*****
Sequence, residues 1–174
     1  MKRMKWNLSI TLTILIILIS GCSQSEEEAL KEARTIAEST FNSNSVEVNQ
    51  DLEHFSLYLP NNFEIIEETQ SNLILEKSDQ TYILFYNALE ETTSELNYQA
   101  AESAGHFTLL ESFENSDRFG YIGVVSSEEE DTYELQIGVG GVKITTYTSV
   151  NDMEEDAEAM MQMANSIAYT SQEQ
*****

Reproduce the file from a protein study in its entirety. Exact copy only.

Sequence, residues 1–174
     1  MKRMKWNLSI TLTILIILIS GCSQSEEEAL KEARTIAEST FNSNSVEVNQ
    51  DLEHFSLYLP NNFEIIEETQ SNLILEKSDQ TYILFYNALE ETTSELNYQA
   101  AESAGHFTLL ESFENSDRFG YIGVVSSEEE DTYELQIGVG GVKITTYTSV
   151  NDMEEDAEAM MQMANSIAYT SQEQ